The Appellate Division, Third Department, affirmed the Surrogate’s Court’s ruling because, among other things, the petitioner had met her burden of proof of due execution;  “When an attorney drafts a will and supervises its execution, a presumption of regularity is raised that the will was properly executed.”   Because the Will had been drafted by the attorney who then supervised its execution, the presumption of due execution existed and the petition was able to meet her burden of proof on the issue of due execution.  The burden of proof then shifted to the respondent to produce admissible evidence creating a triable issue of fact.  Arguments are not enough to meet this burden of proof.

Will contests are an expensive proposition for those offering a Will to probate.  When a Will is not prepared by an attorney and that attorney does not supervise its execution, then that Will does not carry with it the presumption of due execution.  Hiring an attorney to draft this exceedingly important document may just be the wisest expenditure that you can make.  You will ensure that those left behind have the the presumption of due execution in their arsenal should they need to defend your Last Will and Testament.

What Constitutes Delivery of a Gift?

We all understand what delivery of a gift means, or so we think.    After all, we all receive gifts and these are delivered by the donor, by a mail carrier, or by a delivery service.  When the item arrives, it has been delivered.  But at law, the concept of the “delivery” of a gift is much more complicated.

When a person makes a gift to another during the donor’s lifetime, this is called an inter vivos gift.   At times, the person making the gift wishes to retain possession of the gift, all the while “gifting” the item in question to another person.  In such a situation, when is the item delivered?  To determine the answer, we are going to look at the inter vivos “delivery” of a significant artwork:  Gustav Klimt’s  “Schloss Kammer am Attersee II,” which sold at auction in 1997 for $23,590,177.

In the case of Gruen v. Gruen, 68 N.Y.2d 48, 505 N.Y.S.2d 849, 496 N.E.2d 869 (1986), Victor Gruen was a prominent architect of Austrian origin with offices in New York and Los Angeles.  He purchased “Schloss Kammer am Attersee II” by noted Austrian artist Gustav Klimt in 1959.   Two important events occurred in Victor’s life in 1963:  he remarried a woman named Kemija, the defendant in this case, and his son Michael by a previous marriage, the plaintiff, turned 21.   Upon his son’s achieving majority, Victor gifted him with the painting, a gift that Victor memorialized in two letters signed by him and which were sent to his son Michael.  The painting remained in Victor’s possession for the remainder of his life, except for those times when it was loaned out for exhibition purposes.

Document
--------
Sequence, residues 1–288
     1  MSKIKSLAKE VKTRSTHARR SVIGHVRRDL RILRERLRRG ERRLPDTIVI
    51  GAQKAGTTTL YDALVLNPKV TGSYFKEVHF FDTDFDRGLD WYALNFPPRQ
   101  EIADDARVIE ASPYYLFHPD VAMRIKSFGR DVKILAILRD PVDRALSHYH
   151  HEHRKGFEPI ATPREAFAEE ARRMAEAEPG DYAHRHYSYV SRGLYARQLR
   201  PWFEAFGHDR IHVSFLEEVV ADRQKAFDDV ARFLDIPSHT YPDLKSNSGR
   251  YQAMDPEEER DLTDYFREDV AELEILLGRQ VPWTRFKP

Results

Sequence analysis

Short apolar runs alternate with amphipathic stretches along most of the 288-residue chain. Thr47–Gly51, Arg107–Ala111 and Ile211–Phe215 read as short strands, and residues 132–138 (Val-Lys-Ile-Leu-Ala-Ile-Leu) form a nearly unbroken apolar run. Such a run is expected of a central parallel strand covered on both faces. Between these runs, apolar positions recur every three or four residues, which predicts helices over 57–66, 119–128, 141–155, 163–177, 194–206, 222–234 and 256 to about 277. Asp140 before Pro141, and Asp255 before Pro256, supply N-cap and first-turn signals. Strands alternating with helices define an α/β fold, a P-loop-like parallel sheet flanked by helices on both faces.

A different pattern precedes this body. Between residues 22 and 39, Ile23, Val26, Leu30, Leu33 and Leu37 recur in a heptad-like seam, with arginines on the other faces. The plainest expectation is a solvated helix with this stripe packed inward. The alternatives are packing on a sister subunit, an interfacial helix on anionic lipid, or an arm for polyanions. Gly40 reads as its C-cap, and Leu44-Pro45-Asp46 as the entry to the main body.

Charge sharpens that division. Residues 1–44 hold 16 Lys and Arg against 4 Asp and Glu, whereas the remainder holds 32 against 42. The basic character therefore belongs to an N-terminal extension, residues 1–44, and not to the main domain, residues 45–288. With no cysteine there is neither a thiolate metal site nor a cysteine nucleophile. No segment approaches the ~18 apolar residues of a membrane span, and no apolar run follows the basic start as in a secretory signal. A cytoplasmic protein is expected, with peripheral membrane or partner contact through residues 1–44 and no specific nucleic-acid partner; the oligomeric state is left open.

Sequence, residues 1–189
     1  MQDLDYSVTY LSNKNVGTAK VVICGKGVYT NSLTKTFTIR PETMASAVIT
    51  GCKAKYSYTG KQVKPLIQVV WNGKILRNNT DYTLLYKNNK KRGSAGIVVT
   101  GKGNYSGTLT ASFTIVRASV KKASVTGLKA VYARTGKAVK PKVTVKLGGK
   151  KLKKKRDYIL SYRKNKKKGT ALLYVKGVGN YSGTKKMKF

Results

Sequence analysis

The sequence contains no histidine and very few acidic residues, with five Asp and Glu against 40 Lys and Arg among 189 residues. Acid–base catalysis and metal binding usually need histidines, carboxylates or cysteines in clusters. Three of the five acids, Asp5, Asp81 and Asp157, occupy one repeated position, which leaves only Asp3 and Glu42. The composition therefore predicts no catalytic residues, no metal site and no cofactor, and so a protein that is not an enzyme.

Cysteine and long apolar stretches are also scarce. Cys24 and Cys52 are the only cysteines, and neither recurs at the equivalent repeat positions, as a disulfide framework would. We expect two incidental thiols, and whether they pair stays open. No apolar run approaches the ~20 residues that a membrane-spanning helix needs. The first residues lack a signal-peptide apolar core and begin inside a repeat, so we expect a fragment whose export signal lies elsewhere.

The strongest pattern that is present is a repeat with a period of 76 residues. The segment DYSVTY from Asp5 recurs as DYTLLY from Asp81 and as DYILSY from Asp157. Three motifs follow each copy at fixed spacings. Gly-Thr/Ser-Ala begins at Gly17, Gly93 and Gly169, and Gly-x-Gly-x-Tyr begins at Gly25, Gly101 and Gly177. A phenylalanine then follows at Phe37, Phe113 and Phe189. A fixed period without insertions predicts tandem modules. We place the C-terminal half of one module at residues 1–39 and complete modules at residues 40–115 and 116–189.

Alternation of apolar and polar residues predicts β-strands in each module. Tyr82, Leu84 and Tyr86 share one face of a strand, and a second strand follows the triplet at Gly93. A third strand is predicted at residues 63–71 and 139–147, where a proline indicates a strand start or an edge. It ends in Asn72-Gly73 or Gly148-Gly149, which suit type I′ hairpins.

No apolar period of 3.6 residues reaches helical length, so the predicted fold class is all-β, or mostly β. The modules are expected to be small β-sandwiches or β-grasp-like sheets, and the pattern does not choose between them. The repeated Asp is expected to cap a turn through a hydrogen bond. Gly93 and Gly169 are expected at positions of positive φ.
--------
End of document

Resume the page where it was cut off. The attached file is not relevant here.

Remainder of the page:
For the purposes of an inter vivos gift, three elements must be met.  The first element is “delivery.”  Delivery can be accomplished by a writing or “instrument” to the donee.  It is the delivery of the written instrument from the donor to the donee that fulfills this first requirement.  In the case of Victor Gruen, he delivered the letters not only to his son but copies were also sent to his lawyer and his accountant.

This also goes to show the second element for an inter vivos gift:  donative intent.  The donor must intend to make a transfer of present ownership to the donee.  Merely intending to give something to someone in the future is not sufficient.  The transfer of ownership with an inter vivos gift is immediate.   What can be postponed, however, is the right of enjoyment.  The donor can continue to enjoy the tangible asset until s/he dies, so long as s/he intends to transfer a present ownership right to the donee.  In effect, the donor grants himself a life estate in the tangible asset.

The third element for the completed transfer of an inter vivos gift is acceptance by the donee.  The legal presumption is that, absent a renunciation, a gift is deemed accepted if the gift is beneficial to the donee.   Since Michael Gruen never renounced or repudiated the gift of the painting, either verbally or through his actions, the gift was deemed accepted.  Even the fact that he did not declare the painting in financial affidavits that he submitted as part of his divorce action in 1973 was insufficient to show that Michael had not accepted the painting.

Why is this legal concept of delivery so important?  It’s because inter vivos gifts are often part of an estate planning strategy to reduce the corpus of one’s estate by using gifts during one’s lifetime, or as a tax credit on his/her income taxes using charitable trusts.  But unless all three elements of “delivery” are met, the gift will fail and will be subject to taxes and penalties.

If you would like to discuss your own personal situation with me, or how an inter vivos gift can be tailored to your needs, you can get a free 30-minute consultation simply by filling out this contact form. I will get back to you promptly.